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So I have this eqn.

$$ f(x)= \frac {e^ \frac{-x^2}{2}} {\sqrt{2\pi}} $$

I need to find:

$$ \int\limits_{-1}^1 f(x)dx $$

So I want to use this series to integrate. I know that:

$$ e^x = \sum\limits_{n=0}^\infty \frac {x^n}{n!} $$

So without considering the coefficient of the function, I can build my eqn into this series as such:

$$ e^{\frac{-x^2}{2}} =\sum\limits_{n=0}^\infty \frac{(-1)^n x^{2n}}{2^nn!} $$

This is where I get lost. What do I do with the coefficient of e. How do I build this into a series and include the coefficient of e:

$$ \frac {1}{\sqrt{2\pi}}\ $$

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  • $\begingroup$ you know that total probability is one and standard normal distribution ranges from -1 to 1 so your integral final value is 1 $\endgroup$
    – MRK
    Sep 22 '13 at 23:38
  • $\begingroup$ you cannot use elementary methods to integrate normal distribution and even if we use special function that will give the answer as an infinite series $\endgroup$
    – MRK
    Sep 22 '13 at 23:39
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    $\begingroup$ ^ what!? the domain of standard normal distribution is not [-1,1]. $\endgroup$
    – user81327
    Sep 23 '13 at 0:07
  • $\begingroup$ Use linearity of summation. $\endgroup$
    – Tunococ
    Sep 23 '13 at 0:50
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    $\begingroup$ lol domain for standard normal distribution is $$ (-\infty, \infty) $$ $\endgroup$ Sep 23 '13 at 6:29
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Ok I figured it out.

$$ f(x)= \frac {e^ \frac{-x^2}{2}} {\sqrt{2\pi}} $$

I need to find:

$$ \int\limits_{-1}^1 f(x)dx $$

So I want to use this series to integrate. I know that:

$$ e^x = \sum\limits_{n=0}^\infty \frac {x^n}{n!} $$

So without considering the coefficient of the function, I can build my eqn into this series as such:

$$ e^{\frac{-x^2}{2}}=\sum\limits_{n=0}^\infty \frac{(-1)^nx^{2n}}{2^nn!} $$

So we can just build up and get the origial.

$$ \frac {1}{\sqrt{2\pi}}e^{\frac{-x^2}{2}}=\frac {1}{\sqrt{2\pi}} \sum\limits_{n=0}^\infty \frac{(-1)^n x^{2n}}{2^nn!} $$

Then all we need to do is expand out the series to a few values of n, then we can anti-differentiate the series, and then we can solve using the FTC, where the integral from [a,b] = F(b) - F(a).

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    $\begingroup$ Almost! Note that when you replace $x$ with $-x^2/2$ in the Taylor series, you should get $$ e^{\frac{-x^2}{2}}=\sum\limits_{n=0}^\infty \frac{(-1)^nx^{2n}}{2^nn!} $$ which for odd $n$ will be negative, but for even $n$ will be positive. So $$ \mathrm{e}^{-x^2} \sim 1-\frac{x^2}{2}+\frac{x^4}{8}+\mathcal{O}(x^6), $$ which should converge when $x \in (-1,1)$. $\endgroup$ Sep 23 '13 at 0:51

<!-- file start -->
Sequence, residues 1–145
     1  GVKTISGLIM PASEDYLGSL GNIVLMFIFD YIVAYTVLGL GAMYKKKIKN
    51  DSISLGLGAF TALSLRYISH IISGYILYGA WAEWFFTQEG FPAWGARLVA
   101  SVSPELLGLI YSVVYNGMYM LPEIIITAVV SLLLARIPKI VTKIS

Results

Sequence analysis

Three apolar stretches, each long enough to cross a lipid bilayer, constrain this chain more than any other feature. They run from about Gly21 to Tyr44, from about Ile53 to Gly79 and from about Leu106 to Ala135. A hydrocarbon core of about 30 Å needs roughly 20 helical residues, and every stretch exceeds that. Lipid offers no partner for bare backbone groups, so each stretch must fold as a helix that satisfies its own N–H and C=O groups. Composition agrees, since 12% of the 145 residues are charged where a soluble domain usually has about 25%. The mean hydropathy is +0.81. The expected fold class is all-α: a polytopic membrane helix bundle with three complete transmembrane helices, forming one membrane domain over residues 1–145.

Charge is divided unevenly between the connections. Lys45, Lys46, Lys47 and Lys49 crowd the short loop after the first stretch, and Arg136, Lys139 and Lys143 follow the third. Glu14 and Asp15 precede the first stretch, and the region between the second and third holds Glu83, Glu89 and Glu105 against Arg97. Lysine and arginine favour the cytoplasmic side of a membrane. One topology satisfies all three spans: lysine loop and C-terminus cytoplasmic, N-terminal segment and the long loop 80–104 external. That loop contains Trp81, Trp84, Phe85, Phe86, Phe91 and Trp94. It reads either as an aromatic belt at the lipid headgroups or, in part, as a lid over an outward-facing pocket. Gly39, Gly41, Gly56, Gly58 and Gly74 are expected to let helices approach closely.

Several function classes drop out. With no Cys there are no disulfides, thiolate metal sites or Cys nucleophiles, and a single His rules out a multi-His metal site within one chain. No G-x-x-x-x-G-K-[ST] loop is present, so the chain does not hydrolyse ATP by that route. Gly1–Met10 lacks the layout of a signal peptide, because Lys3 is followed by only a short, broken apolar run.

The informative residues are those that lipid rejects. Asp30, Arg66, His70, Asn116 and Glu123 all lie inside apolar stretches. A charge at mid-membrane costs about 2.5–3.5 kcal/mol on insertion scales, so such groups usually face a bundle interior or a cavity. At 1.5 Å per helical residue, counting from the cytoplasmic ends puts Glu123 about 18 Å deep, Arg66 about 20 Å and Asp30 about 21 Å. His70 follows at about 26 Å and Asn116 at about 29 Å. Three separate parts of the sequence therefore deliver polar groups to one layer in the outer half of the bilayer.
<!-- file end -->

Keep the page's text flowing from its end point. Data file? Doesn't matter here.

• $\begingroup$ Yeah my algebra was off in the OP, but I ended up fixing it in my answer there. I ended up with exactly that series. And it did converge. And it ends up as 68%, which was kinda funny. And I ended up using the -1^n in my notes. It's a much clearer notation I agree. $\endgroup$ Sep 23 '13 at 6:13
  • $\begingroup$ Why is 68% funny? How many terms is this? I think the 'true' value is roughly 0.68, which is good, this is the area under the bell curve from -1 std deviation to +1 std deviation. $\endgroup$ Sep 23 '13 at 14:02
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    $\begingroup$ Sorry, I didn't mean funny as in incorrect. I like math, so I get a kick out of things like this. $\endgroup$ Sep 23 '13 at 15:14
  • $\begingroup$ Yep, consistency is the beautiful thing about maths :) $\endgroup$ Sep 24 '13 at 1:22
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Hint: You cannot find an explicit answer for your integration. However the integration of normal distribution can be stated in terms of Q Function. $$ Q(x)=\int_{x}^{\infty}\frac{1}{\sqrt{2\pi}}e^{\frac{-t^2}{2}}dt $$ There are various estimates for this function which may be useful. For instance for $x>0$: $$ \frac{x}{(x^2+1)\sqrt{2\pi}}e^{\frac{-x^2}{2}} \leq Q(t)\leq \frac{1}{x\sqrt{2\pi}}e^{\frac{-x^2}{2}} $$

Remark: If you want to continue working with series, it is enough to take the coefficient of the exponential function out of the integration.

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  • $\begingroup$ Thanks for the input. There is actually a very easy way to approximate this integral. Note that, since I'm working on an approximation, we don't need to use an infinite series. Rather, we can consider that n goes to 5 or some arbitrary number, and get an approximation of the integral of f(x). And as you said, you can actually take the coefficient right out. I will answer below. $\endgroup$ Sep 23 '13 at 0:18

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